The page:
16. But you can put the corrected email address in a blank spamcop submission form and hit "Process spam" to get the reporting address, then go to Preferences (top of browser window), Report Handling Options, then add the reporting address to the form at "Public standard report recipients." Reload the spam, and even though the spamcop parser won't recognize the email address with the exclamation point in it, it will still send a report to that address's ISP. Some of the ones I have run have traced to keyword.de, which refuses spamcop report, but some have gone to ISP's that seem to have pretty stringent acceptable use policies. I have to assume that if they are making potential customers go to extra trouble to link to their site, there is a good reason they don't want spamcop sending reports. You do have to re-trace the URL every time as they keep moving around.
  17. Most commonly, I see it when it is an elementary or high school domain. I imagine the technology teacher is stuck with the job of running their mail server.
  18. I review my email in Mailwasher to delete spam before opening it with my mail program, so viruses just show up as in-line text, and my filters recognize the executable file types and flag the emails. I like to track down the sending system and contact the system administrator myself (unless it is some foreign IP # whose owner could not possibly have my email address for any legitimate reason). I truncate the virus after the first few lines and add "[snip]" so they can see it was a virus. I think it is important enough to try to stop viruses, and presumably these viruses are being addressed to me by finding my email address in the address book of the victim, so it may well be someone I know. Also, I often have to mail back and forth a few times with admins who are clueless enough to try to say it didn't come from their system because the forged return address is not their ISP's domain.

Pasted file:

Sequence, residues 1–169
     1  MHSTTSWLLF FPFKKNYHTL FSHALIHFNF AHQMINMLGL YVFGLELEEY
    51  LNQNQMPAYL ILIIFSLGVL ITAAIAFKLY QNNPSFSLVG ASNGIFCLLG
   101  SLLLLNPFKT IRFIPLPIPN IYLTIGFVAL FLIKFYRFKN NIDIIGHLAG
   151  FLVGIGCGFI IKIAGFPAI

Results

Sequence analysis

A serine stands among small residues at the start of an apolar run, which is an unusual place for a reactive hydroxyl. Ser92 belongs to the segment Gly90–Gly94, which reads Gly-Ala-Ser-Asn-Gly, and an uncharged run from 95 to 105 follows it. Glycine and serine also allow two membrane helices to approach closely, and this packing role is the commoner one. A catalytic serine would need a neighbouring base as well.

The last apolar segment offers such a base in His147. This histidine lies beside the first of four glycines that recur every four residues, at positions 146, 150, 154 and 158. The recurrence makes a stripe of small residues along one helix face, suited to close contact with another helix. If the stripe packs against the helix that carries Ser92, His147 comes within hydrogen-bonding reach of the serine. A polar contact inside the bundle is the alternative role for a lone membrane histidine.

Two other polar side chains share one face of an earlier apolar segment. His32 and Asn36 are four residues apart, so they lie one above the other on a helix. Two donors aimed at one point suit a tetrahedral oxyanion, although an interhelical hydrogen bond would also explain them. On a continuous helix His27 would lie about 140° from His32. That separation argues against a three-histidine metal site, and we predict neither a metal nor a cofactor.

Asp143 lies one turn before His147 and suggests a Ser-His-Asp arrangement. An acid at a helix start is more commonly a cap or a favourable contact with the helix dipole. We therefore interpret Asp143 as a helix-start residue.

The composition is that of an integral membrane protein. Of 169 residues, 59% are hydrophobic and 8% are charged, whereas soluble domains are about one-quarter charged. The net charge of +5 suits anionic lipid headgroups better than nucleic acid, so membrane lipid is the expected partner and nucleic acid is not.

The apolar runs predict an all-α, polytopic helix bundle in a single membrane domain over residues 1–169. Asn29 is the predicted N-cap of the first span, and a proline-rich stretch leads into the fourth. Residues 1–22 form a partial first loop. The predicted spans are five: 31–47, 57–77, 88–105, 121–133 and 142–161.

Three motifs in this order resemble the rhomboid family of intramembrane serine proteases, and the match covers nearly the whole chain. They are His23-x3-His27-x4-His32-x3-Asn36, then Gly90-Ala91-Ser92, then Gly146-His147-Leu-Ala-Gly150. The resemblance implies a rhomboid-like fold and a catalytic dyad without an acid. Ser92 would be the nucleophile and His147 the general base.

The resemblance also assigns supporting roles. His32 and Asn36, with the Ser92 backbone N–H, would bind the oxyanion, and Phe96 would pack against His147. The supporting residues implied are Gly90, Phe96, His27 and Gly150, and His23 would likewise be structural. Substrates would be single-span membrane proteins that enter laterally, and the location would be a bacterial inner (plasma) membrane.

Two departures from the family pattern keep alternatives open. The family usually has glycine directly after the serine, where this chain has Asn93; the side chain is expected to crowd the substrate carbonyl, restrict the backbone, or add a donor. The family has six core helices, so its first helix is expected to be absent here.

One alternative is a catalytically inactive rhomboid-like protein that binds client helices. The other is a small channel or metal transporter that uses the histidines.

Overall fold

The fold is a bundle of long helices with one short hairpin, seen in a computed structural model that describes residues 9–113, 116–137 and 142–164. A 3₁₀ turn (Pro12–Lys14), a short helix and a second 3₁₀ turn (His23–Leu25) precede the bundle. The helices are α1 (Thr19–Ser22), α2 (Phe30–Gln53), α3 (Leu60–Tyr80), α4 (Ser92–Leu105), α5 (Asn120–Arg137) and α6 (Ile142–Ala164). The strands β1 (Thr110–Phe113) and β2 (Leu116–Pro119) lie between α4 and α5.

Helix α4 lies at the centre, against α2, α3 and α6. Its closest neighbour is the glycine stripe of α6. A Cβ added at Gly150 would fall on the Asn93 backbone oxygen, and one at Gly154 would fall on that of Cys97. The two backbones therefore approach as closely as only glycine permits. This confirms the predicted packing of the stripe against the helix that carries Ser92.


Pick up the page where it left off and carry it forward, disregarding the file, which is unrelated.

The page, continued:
19. I am having the same problem. It also says the receiving mailhost isn't associated with any of my known mailhosts. The receiving mailhost on one I got today is listed as vms169127.mailsrvcs.net, which is an unfamiliar name that I assume is associated with Verizon although my POP server is incoming.verizon.net. But others that got through without a problem are vms169123.mailsrvcs.net, vms169121.mailsrvcs.net, and vms051.mailsrvcs.net Why are some being recognized and others aren't?
  20. that's not many characters: spam[at]uce.gov AskDOJ[at]usdoj.gov webcomplaints[at]ora.fda.gov enforcement[at]sec.gov
  21. Here's one from yesterday: http://www.spamcop.net/sc?id=z884407155zab...5528d30bd61082z Edit: 2006/02/24 14:49 EST -0500 Jeff G. replaced the posted spam email message (against the rules here) with a Cancelled Tracking URL.
  22. How are you getting checkboxes to so many different reporting addresses? I can only fit four agencies' addresses in the box on the preferences page because of the limitation of characters. All my reports go to FTC and DOJ, then drug and pump and dump spams go to FDA and SEC respectively. I'd like to have more options. Of course, if I could have more addresses to report to, it would be even more important to have the default be "unchecked" Unchecking a dozen boxes for every report would get old really fast.
  23. I have been getting a lot of spam lately advertising sites hosted on geocities in various countries. For some reason spamcop's parser usually doesn't pick up on these. I've been reporting them manually, since Yahoo will address the problem and discontinue the sites when it gets a report, but it would be nice to be able to do it via one step with Spamcop. The extra 24 hours it might take for a report to be received is money in the bank for the spammer. The other issue is when instead of a site being advertised, the email advises people to contact an email address. The parser doesn't find those, but again, geocities will terminate their accounts if they get the report.
  24. I have the same complaint. I'm using MailWasher Pro, so sending the reports takes NO time at all. But it's the confirming them one -- at -- a -- time that is so time consuming. If SpamCop even had a button at the bottom of each report that said "Send spam Report Now and Go to Next Unreported spam" instead of confirming one report, waiting for the page that says reports have been sent, then clicking on the "Report Now" button on THAT page, it would halve the time waiting for pages to load.
  25. Oh, we're real inconvenienced. We just don't know how to deal with it. I mean, if you can't bomb it or buy it, Americans are at a loss for ideas ;-)